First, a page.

Kent

Duchess unveils bust of RAF hero Sir Keith Park in Kent

  • 28 October 2010
  • From the section Kent
The Duchess of Cornwall with the bronze bust of Sir Keith Park
The Duchess of Cornwall unveiled the bronze bust during a tour of Kent

The Duchess of Cornwall has unveiled a sculpture of RAF hero Sir Keith Park at the Battle of Britain National Memorial to the Few in Kent.

Sir Keith commanded RAF squadrons that defended London and the South East from Luftwaffe attacks in 1940.

Camilla unveiled the bronze bust during a tour of the cliff-top memorial at Capel-le-Ferne, near Folkestone.

She also met the oldest surviving serviceman who fought in the Battle of Britain, Flt Lt William Walker, 97.

The site includes a memorial wall listing the names of nearly 3,000 airmen who took part in the battle between July and October 1940.

Flt Lt Walker said it was about the fifth time he had met the duchess and he was delighted to see her again.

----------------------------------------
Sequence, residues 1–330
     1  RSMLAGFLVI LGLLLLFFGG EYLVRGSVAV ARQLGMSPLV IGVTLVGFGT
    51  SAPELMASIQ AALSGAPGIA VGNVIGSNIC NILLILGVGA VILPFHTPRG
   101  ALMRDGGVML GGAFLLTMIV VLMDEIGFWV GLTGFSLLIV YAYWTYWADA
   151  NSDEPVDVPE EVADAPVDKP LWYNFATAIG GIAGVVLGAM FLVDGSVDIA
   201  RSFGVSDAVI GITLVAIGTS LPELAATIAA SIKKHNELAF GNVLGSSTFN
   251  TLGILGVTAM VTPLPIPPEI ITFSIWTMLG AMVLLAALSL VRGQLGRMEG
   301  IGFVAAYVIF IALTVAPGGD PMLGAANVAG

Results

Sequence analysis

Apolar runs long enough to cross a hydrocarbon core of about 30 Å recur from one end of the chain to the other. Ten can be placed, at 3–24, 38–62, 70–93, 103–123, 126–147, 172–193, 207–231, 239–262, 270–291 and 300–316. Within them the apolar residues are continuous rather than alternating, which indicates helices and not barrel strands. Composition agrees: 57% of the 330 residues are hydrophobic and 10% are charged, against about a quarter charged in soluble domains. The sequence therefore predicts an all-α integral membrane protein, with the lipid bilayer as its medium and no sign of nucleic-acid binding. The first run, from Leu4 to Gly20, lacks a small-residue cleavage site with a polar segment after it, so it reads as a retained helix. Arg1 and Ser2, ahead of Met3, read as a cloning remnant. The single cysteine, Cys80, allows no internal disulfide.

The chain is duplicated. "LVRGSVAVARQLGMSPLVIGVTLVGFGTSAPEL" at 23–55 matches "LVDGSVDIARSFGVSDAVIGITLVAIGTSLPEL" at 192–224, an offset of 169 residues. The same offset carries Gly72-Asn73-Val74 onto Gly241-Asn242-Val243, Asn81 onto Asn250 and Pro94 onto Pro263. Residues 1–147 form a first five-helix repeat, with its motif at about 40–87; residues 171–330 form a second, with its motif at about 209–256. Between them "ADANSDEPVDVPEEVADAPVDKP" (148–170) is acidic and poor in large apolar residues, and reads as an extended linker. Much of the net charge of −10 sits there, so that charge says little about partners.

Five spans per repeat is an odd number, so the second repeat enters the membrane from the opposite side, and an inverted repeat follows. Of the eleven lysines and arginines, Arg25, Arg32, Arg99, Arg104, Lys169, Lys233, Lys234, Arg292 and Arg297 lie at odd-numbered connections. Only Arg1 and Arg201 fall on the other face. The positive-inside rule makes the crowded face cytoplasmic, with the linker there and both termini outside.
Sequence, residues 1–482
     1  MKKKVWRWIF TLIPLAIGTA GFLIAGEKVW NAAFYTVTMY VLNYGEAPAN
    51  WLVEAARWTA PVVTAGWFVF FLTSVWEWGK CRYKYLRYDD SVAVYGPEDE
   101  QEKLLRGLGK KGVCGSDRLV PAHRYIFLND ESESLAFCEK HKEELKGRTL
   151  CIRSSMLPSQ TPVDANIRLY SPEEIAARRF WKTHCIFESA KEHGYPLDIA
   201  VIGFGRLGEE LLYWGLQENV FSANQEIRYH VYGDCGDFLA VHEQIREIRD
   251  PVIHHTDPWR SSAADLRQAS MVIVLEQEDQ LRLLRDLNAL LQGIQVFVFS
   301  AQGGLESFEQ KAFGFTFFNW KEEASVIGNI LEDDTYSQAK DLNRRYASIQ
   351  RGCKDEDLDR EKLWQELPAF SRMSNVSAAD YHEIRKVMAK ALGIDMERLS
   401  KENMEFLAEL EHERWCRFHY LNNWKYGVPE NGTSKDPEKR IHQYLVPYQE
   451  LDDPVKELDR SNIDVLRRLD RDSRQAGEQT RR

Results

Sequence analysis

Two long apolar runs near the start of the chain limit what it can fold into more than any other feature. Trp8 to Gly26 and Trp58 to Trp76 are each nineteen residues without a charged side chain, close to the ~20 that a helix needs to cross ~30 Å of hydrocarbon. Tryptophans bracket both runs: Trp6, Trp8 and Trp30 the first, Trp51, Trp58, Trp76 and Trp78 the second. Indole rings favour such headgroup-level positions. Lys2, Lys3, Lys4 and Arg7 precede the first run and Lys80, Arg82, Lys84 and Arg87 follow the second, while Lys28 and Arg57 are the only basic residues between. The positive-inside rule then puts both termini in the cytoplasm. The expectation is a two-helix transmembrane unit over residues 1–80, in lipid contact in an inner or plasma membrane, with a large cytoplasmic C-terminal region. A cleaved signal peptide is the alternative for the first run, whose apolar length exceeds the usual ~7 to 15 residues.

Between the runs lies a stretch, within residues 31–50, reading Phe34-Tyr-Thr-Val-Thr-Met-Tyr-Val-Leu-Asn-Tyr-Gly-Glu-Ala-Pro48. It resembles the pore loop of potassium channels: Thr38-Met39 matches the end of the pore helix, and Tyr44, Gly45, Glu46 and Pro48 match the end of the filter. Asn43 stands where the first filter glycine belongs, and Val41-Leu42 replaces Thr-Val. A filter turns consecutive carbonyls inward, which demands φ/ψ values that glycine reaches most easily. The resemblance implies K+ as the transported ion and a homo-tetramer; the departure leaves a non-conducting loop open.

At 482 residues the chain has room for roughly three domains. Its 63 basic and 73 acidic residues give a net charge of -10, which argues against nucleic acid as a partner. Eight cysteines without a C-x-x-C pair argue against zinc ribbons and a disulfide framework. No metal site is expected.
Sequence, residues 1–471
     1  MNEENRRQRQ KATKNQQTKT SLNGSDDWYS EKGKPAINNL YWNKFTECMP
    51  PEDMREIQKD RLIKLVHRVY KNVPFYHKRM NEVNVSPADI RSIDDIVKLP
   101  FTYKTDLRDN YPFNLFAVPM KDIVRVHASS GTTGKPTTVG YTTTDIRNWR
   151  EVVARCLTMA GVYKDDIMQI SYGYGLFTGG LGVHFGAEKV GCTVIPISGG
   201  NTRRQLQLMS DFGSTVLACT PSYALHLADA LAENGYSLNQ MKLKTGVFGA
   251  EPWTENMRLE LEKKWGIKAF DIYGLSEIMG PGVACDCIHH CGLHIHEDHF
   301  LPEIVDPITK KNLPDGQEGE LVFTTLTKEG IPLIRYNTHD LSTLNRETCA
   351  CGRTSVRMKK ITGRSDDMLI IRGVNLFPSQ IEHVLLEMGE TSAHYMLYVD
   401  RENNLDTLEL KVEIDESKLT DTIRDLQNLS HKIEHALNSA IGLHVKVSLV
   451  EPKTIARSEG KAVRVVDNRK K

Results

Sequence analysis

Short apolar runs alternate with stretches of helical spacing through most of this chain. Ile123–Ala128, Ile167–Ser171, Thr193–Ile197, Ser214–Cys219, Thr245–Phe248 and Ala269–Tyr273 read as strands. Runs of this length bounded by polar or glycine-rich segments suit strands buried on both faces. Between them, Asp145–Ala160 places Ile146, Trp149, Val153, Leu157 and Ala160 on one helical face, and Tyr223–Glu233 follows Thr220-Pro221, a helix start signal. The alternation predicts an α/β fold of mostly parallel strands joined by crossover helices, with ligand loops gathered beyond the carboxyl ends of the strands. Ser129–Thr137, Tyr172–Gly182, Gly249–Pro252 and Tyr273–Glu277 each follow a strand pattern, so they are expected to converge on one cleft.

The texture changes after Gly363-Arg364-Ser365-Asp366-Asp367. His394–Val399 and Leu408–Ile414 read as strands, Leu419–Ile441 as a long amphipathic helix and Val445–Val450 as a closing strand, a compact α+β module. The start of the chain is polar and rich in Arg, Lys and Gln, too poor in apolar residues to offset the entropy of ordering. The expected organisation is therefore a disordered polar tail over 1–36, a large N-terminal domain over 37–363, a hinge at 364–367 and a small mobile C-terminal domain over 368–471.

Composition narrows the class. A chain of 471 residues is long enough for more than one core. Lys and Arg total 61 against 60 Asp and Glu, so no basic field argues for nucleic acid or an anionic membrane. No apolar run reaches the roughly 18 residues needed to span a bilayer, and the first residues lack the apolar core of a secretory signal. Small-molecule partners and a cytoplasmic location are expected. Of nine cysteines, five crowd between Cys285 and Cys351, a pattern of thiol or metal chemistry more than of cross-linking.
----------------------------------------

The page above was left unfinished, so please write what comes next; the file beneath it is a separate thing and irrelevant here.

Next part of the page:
He said: "The main thing is that I am fortunate to have survived long enough to see the wall erected and at long last a bust of Sir Keith unveiled.

"It was a great pleasure to see it. It's good of her to come down and unveil it, we appreciate it very much."

The duchess was saluted by young members of the Folkestone air cadets and prayers were said by Chaplain-in-Chief of the RAF Ray Pentland.

Chairman of the memorial trust Richard Hunting gave a speech thanking the duchess and paying tribute to Sir Keith.

He read out a quote from Lord Tedder, the Chief of the Air Staff in 1947, who said of Sir Keith: "If ever one man won the Battle of Britain, he did.

The Duchess of Cornwall talks to William Walker, the oldest survivor of the battle, in front of a Spitfire

"I don't believe it is realised how much that one man, with his leadership, his calm judgment and his skill did to save not only this country but the world."

The duchess also visited Kent and Canterbury Hospital's osteoporosis department.

She was concluding her tour of Kent with a trip to the Medway Aircraft Preservation Society's (Maps) workshop in Chatham.

Volunteers from the society are currently restoring the last remaining example of a Boulton Paul Defiant WWII fighter for the RAF Museum London.

The aircraft, which has not flown since the war, was built in 1938 and was one of 1,200 to be constructed.

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